January 1, 2000 - March 31, 2012
This past year was a another difficult one after a huge decline in 2008 and small gains the previous two. The graph shows that we are still considerably ahead of the S&P 500 since we started tracking. We continue to put more space between our portfolio and the S&P 500. A $1,000 in our hypothetical Model Portfolio is now worth $3,869 compared to a like amount invested in the S&P 500 which has increased to only 1,257. We fully expect this year to continue to bounce back for us, with gold mining shares leading the way as they are greatly undervalued. The economics for gold mining are now the best they have been in many years. This could be a once in a lifetime buy for gold shares. But our concerns are still with the underlying economics of the world economy holding enormous amounts of debt. We could see a pause or decline in precious metal related investments but expect prices to rise considerably in the long term.
Our March 31, 2012 Model Portfolio
Our Low Budget/Low Maintenance Model Portfolio
Year 2000 marked the beginning of a secular bear market in stocks that
we think will last 15 to 20 years. We constructed our Model
Portfolio on January 1, 2000, because we believed a secular bear
market in stocks was born. Because gold and gold stocks are negatively
correlated with the market in general, gold and gold shares are the
backbone of our Model Portfolio.
How Are Returns for Our Model Portfolio Calculated?
Our Model Portfolio is a hypothetical portfolio. That is to say, we do not run an actual portfolio exactly like the one we use as our Model Portfolio. In its construction, we apply the following methods and assumptions:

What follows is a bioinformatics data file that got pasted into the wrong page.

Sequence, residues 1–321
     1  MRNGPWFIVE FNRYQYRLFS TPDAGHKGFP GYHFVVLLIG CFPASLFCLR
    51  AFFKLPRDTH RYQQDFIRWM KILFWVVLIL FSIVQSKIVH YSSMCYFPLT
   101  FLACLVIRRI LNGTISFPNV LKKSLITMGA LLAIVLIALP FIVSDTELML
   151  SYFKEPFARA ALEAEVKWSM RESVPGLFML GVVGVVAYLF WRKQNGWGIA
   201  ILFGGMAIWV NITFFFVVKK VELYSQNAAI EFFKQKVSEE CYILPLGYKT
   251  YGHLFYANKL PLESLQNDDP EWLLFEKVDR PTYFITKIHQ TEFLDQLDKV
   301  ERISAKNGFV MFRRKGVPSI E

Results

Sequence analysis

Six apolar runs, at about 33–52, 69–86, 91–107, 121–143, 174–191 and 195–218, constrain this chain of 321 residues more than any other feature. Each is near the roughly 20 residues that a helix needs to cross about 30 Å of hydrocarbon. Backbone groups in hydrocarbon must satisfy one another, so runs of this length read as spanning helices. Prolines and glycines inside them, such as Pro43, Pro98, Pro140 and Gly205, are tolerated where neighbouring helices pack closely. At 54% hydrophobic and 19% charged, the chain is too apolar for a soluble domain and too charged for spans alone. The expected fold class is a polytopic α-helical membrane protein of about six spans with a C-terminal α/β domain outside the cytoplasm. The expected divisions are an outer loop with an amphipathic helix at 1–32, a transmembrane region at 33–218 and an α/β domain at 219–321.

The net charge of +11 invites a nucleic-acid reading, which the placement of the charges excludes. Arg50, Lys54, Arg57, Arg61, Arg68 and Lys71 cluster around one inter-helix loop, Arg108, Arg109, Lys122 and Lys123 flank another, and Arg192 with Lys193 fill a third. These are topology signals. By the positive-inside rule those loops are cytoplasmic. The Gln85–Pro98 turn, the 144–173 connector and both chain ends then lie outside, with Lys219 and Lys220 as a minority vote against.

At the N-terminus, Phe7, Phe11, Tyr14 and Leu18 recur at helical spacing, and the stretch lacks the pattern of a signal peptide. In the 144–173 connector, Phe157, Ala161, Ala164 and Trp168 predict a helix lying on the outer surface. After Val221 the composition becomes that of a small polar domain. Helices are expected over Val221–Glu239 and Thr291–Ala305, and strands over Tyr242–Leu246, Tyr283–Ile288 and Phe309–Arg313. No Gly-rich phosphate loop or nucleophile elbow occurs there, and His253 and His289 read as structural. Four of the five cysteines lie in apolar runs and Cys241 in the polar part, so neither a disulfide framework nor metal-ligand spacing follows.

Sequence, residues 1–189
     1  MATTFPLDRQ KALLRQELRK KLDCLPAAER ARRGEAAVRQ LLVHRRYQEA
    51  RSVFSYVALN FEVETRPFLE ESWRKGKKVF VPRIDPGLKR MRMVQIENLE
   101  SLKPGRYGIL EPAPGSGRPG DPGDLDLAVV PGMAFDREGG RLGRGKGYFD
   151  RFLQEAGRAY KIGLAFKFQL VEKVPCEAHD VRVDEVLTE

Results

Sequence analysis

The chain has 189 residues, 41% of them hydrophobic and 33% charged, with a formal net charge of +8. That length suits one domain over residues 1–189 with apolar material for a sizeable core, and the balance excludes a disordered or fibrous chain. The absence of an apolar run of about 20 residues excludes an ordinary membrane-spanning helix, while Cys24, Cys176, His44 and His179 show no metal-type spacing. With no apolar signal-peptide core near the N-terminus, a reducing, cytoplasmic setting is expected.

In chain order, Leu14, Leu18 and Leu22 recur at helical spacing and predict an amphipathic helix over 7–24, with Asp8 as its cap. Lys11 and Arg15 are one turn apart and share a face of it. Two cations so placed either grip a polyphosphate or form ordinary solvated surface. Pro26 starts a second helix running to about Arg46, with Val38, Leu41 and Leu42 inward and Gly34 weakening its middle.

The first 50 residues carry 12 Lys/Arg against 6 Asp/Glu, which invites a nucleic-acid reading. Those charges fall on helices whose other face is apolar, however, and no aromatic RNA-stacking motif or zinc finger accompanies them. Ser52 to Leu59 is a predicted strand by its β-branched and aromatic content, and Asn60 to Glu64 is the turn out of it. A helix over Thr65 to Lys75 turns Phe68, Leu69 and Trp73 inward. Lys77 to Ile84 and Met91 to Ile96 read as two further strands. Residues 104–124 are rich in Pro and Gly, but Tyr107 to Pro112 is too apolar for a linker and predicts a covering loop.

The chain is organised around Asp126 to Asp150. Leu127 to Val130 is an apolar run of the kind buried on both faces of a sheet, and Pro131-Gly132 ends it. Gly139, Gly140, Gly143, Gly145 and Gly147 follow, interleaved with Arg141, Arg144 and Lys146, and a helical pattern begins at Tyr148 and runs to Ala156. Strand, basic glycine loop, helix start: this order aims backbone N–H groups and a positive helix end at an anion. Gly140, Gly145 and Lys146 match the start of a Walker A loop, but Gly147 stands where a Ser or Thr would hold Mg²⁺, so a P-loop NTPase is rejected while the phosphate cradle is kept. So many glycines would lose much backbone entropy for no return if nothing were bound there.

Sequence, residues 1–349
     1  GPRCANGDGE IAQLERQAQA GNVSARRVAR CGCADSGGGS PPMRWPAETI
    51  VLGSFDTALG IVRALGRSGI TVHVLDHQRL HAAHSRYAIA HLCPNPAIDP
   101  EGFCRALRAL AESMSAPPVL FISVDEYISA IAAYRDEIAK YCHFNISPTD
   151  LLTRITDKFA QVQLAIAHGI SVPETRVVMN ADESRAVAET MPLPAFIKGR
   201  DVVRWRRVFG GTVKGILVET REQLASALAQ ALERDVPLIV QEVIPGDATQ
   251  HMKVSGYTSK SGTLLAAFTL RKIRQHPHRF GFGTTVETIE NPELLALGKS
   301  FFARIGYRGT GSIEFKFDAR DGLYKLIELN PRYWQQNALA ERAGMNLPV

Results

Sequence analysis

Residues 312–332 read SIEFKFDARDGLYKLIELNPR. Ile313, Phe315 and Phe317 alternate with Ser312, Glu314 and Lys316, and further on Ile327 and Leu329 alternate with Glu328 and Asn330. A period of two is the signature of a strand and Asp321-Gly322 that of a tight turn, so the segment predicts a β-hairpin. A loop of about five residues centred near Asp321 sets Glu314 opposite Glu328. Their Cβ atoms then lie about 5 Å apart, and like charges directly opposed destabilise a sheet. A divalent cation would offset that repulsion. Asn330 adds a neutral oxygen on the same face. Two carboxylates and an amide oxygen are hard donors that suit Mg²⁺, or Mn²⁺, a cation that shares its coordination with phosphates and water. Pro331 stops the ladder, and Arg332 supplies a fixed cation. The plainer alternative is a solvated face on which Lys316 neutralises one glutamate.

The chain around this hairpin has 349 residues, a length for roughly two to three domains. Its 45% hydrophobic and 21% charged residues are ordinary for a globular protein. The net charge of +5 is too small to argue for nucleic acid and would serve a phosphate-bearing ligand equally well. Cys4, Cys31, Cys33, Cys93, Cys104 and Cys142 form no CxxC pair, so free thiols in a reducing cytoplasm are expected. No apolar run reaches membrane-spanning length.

Various sector allocations are chosen including producing gold and silver stocks, gold and silver exploration stocks, inflation hedge stocks, such as energy (including uranium mining stocks) and base metal mining stocks, as well as “essential technology” stocks. (We define “essential technology” as those companies that can reduce the cost of producing the most basic life-sustaining products, such as water, energy, and food.)
At the start of each year, a portfolio allocation is made for each of these sectors as well as an equity hedge sector.
It is assumed that each stock within each sector is equally weighted at the start of each new year.
The total gain for a given sector is simply the sum of all the gains and losses, divided by the number of stocks in that sector. The percentage of gains or losses of each sector is then multiplied by its respective weighting, and the sum of the various sector performances is the Model Portfolio’s performance.
Gains are not annualized. So, for example, a stock that was recommended on December 1 and gained 100% by the end of the year enhances returns no more than a stock that gained 100% over 12 months. The Model Portfolio’s gain or loss for each year is simply the total of gains for each sector, times the respective weighting of each sector.